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Arthur Stuart-Menteth Hutchinson
This eBook from the Gutenberg Project consists of approximately 343 pages of information about If Winter Comes.

War—­he couldn’t get any further than that.  Like the systole and diastole of a slowly beating pulse, the word kept on forming in his mind and welling away in a tide of confused and amorphous scenes; and forming again; and again oozing in presentments of speculations, scenes, surmises, and in profound disturbances of strange emotions.  War....  And there kept appearing the face of Otway with the little points of perspiration about his nose.  Otway had predicted this months ago.—­And he was right.  It had come.

War....

CHAPTER IV

I

He approached Penny Green and realised for the first time the hard pace at which he had been riding.  And realised also the emotions which subconsciously had been driving him along.  All the way he had been saying “War!” What he wanted, most terribly, was to say it aloud to some one.  He wanted to say it to Mabel.  He had a sudden great desire to see Mabel and tell her about it and talk to her about it.  He felt a curiously protective feeling towards her.  For the first time in his life he pedalled instead of free-wheeling the conclusion of the ride.  He ran into the house and into the morning room.  Mabel was not there.  It was almost dinner time.  She would be in her room.  He ran upstairs.  She was standing before her dressing table and turned to him in surprise.

“Whatever—­”

“I say, it’s war!”

She echoed the word.  “War?”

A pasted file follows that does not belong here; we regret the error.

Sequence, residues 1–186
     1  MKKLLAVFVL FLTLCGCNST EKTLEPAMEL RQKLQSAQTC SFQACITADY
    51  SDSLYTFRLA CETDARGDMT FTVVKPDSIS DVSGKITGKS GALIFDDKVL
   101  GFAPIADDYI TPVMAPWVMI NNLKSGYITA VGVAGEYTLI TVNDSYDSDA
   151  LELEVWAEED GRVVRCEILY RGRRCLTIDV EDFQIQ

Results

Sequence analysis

“Yes, war.  We’ve declared war!”

“Declared war?”

“Yes, declared war.  We’ve sent Germany an ultimatum.  It ends to-night.  It’s the same thing.  It means war.”

He was breathless, panting.  She said, “Good gracious!  Whatever will happen?  Have you brought an evening paper?  Do you know the papers didn’t come this morning till—­”

He could not hear her out.  “No, I didn’t wait.  I simply rushed away.”  He was close to her.  He took her hands.  “I say, Mabel, it’s war.”  His emotions were tumultuous and extraordinary.  He wanted to draw her to him and kiss her.  They had not kissed for longer than he could have remembered; but now he held her hands hard and desired to kiss her.  “I say, it’s war.”

She gave her sudden burst of laughter.  “You are excited.  I’ve never seen you so excited.  Your collar’s undone.”

He dropped her hands.  He said rather stupidly, “Well, it’s war, you know,” and stood there.

She turned to her dressing table.  “Well, I do wish you’d stayed for a paper.  Now we’ve got to wait till to-morrow and goodness only knows—­” She was fastening something about her throat and held her breath in the operation.  She released it and said, “Just fancy, war!  I never thought it would be.  What will happen first?  Will they—­” She held her breath again.  She said, “It’s too annoying about those papers coming so late.  If they haven’t arrived when you go off to-morrow you can tell Jones he needn’t send them any more.  He’s one of those independent sort of tradesmen who think they can do just what they like.  Just fancy actually having war with Germany.  I can’t believe it.”  She turned towards him and gave her sudden laugh again.  “I say, aren’t you ever going to move?”

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